Boccaccio records the outbreak of the plague in The Decameron, the first day.

"In the year 1348 after the fruitful incarnation of the Son of God, that most beautiful of Italian cities, noble Florence, was attacked by deadly plague. It started in the East either through the influence of the heavenly bodies or because Godís just anger with our wicked deeds sent it as a punishment to mortal men; and in a few years killed an innumerable quantity of people. Ceaselessly passing from place to place, it extended its miserable length over the West. Against this plague all human wisdom and foresight were vain. Orders had been given to cleanse the city of filth, the entry of any sick person was forbidden, much advice was given for keeping healthy; at the same time humble supplications were made to God by pious persons in processions and otherwise. And yet, in the beginning of the spring of the year mentioned, its horrible results began to appear, and in a miraculous manner. The symptoms were not the same in the East, where a gush of blood from the nose was the plain sign of inevitable death; but it began both in men and women with certain swellings in the groin or under the armpit They grew to the size of small apple or an egg, more or less, and were vulgarly called tumors. In a short space of time these tumors spread from the two parts named all over the body. Soon after this the symptoms changed and black or purple spots appeared on the arms or thighs or any other part of the body, sometimes a few large ones, sometimes many little ones. These spots were a certain sign of death, just as the original tumor had been and still remained."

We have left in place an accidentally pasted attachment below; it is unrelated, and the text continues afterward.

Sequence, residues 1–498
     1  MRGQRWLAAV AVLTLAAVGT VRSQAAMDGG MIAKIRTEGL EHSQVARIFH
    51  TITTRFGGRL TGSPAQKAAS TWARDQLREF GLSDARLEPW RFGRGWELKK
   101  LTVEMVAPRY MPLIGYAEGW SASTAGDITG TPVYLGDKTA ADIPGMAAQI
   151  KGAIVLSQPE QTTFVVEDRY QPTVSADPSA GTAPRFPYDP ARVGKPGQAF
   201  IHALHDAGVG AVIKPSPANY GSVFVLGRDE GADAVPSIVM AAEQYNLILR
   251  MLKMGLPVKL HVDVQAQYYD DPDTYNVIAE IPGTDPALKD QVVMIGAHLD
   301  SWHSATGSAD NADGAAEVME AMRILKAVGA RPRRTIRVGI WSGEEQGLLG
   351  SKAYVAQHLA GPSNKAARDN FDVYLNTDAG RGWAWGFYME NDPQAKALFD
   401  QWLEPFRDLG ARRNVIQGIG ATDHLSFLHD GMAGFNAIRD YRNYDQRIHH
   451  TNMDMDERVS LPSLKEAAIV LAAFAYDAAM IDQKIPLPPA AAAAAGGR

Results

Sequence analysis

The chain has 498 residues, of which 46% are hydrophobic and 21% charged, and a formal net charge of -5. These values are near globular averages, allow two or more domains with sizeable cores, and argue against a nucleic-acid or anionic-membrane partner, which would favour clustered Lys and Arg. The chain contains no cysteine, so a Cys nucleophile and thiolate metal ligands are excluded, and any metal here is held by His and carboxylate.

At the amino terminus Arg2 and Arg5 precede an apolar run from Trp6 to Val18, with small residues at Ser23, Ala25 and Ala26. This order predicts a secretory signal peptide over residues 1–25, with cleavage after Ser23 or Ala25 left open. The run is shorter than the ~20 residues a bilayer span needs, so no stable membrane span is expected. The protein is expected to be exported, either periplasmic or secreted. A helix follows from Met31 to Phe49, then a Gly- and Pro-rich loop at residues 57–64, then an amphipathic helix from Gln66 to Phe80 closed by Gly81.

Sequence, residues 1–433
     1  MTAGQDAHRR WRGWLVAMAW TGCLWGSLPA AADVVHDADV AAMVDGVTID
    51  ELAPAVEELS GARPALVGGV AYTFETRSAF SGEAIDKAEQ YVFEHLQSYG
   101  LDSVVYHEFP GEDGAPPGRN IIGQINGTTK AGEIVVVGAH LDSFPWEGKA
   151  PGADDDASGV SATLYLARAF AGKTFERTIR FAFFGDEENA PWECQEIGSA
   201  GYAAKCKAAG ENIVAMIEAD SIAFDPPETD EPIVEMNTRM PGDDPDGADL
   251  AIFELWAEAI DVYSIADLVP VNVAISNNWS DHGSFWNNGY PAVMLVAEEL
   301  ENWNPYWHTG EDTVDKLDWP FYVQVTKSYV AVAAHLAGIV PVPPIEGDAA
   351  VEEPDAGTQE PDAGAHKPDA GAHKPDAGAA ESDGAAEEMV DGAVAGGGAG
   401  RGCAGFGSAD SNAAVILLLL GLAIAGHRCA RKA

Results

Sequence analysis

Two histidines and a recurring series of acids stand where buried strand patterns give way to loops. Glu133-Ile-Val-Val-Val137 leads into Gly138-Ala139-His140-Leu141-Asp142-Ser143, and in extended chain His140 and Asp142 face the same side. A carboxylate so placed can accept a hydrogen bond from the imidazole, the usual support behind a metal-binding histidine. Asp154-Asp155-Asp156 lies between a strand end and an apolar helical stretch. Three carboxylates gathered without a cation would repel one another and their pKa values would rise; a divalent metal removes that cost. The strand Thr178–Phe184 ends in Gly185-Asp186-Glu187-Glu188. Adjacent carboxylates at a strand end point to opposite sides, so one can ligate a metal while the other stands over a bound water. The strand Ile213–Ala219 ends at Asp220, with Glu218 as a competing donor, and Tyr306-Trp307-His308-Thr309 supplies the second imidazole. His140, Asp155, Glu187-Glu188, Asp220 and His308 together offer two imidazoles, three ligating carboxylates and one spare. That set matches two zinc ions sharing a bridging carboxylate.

Back to the Black Death

 


Wilkie, Brian, ed., The Decameron in Literature of the Western World. (New York 1992), p. 1830.